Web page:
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One of the ‘last value investors left standing’ on building a strategy for an unloved market

23 May 2024

Henry Dixon and Jack Barrat have won the FE fundinfo Alpha Manager of the Year award for UK equities for the second year running.

By Emma Wallis,

News editor, Trustnet

As UK value managers, Man Group’s Henry Dixon and Jack Barrat have been pursuing an out of favour investment style in an unpopular region for the best part of a decade and yet they have managed to hold their own. As Barrat said: “We sometimes think of ourselves as the last value investors left standing.”

With the Man GLG Undervalued Assets fund, Barrat and Dixon have developed an investment process that works in today’s market conditions and is a far cry from traditional value investing.

“We've tried to build a process that we think is value for 2024, not value for 1980 – which was buying low price-to-book or low price-to-earnings (P/E) or buying things that were falling. That’s not what we do,” Barrat said.

“We hope that our process, through analysis of proper tangible assets, sensible cash generation and the real value you're paying for a company – the all-in enterprise value – attempts to circumnavigate a lot of the pitfalls of historical value investing. We try to be a modern value fund and I think that’s how we’ve managed to stay alive.”

It hasn’t been easy. Barrat said that he and Dixon designed their investment process during “an era where value hasn't worked”.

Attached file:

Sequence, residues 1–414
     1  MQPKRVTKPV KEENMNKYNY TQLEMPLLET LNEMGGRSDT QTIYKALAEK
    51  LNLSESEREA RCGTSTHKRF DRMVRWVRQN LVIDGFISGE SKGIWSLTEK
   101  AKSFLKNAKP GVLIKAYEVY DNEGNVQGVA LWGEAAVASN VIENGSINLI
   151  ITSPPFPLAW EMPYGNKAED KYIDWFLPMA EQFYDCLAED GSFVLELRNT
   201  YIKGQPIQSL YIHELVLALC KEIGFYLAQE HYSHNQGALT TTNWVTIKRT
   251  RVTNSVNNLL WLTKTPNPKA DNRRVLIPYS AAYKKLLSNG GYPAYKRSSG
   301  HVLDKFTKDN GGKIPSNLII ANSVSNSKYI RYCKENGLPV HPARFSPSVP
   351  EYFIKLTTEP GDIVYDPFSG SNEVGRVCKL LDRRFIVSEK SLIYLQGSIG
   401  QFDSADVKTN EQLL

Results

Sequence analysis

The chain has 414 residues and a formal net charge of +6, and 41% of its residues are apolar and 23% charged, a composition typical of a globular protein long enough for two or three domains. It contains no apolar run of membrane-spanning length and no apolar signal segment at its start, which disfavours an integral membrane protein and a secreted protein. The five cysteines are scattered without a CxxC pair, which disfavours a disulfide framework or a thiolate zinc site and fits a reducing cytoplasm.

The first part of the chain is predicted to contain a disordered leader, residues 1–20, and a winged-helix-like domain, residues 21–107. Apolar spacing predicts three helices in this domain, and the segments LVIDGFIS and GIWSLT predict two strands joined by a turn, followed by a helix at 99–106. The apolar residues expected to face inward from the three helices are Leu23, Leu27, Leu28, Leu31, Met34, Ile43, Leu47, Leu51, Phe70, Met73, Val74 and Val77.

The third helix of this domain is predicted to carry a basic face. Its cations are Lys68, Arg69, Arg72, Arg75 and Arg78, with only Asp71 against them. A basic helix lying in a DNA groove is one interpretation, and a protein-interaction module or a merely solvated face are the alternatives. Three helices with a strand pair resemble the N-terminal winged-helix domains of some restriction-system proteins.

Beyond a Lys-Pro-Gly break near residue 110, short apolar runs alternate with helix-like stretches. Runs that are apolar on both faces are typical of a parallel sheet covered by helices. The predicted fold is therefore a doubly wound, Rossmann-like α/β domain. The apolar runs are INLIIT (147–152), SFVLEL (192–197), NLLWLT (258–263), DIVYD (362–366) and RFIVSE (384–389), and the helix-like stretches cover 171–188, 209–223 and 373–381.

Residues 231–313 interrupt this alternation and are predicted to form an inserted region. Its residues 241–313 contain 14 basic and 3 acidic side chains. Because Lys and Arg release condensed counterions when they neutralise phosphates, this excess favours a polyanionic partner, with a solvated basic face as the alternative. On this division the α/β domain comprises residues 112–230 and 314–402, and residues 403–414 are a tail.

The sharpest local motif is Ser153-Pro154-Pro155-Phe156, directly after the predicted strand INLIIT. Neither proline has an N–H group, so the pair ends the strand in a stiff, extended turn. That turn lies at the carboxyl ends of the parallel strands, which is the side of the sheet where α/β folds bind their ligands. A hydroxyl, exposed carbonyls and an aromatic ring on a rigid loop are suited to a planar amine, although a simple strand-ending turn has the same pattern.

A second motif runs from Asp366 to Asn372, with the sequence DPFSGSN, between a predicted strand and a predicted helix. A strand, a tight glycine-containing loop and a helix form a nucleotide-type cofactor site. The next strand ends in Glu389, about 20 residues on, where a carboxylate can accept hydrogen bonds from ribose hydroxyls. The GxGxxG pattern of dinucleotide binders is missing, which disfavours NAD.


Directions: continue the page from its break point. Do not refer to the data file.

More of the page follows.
For instance, Man GLG Undervalued Assets’ portfolio has a tangible asset value three times greater than the wider market. “There was a moment when rates were zero that felt like we just weren't getting rewarded, because an extension of zero rates was that you could replicate anything you wanted, virtually for free,” Barrat recalled.

When central banks started hiking interest rates in 2022, “a slight compensation” was that higher rates focused attention on asset value.

Amidst that environment, Man GLG Undervalued Assets was one of the few funds to make a positive return in 2022, up 2.9%. The FTSE All Share was flat for 2022 but the average fund in the IA UK All Companies sector lost 9.1% that year.

Last year, Man GLG Undervalued Assets more than doubled its benchmark’s return, up 16.2% versus 7.9% for the FTSE All Share and 7.4% for the IA UK All Companies sector.

In recognition of their track record, Barrat and Dixon have won the FE fundinfo Alpha Manager of the Year award for UK equities, for the second year running.

Performance of fund vs sector and benchmark over 10yrs

Source: FE Analytics


A breakdown of the investment process

Barrat and Dixon analyse three key things: core tangible assets, the enterprise value of a business and one-year forward cash generation.

They calculate a ‘conservative baseline’ tangible book value – in other words, what it would cost to replicate the business and its assets.

Then they assess what returns a business is making from its assets and compare that to the enterprise value, i.e. the multiple of book value that investors are being asked to pay for those returns. 

Third, they check the business is generating cash flow. “Not only is there a record amount of adjustment to earnings in the UK market right now, the conversion of those earnings to cash flow is, in places, very poor. Indeed, there are businesses out there that may appear ostensibly cheap, but we believe they produce almost no cash at all,” Barrat pointed out.

Having put stocks through their three tests, Barrat and Dixon invest in two types of company, which they classify as ‘undervalued assets’ and ‘undervalued returns’.

‘Undervalued assets’ are companies trading below their tangible book value, in other words the share price is less than the replacement cost for the company’s assets.